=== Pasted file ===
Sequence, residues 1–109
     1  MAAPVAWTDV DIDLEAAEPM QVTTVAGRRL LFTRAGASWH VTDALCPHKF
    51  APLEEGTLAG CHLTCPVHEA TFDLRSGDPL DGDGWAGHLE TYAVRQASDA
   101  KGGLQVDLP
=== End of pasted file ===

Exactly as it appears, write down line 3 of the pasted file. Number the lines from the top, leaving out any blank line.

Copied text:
    51  APLEEGTLAG CHLTCPVHEA TFDLRSGDPL DGDGWAGHLE TYAVRQASDA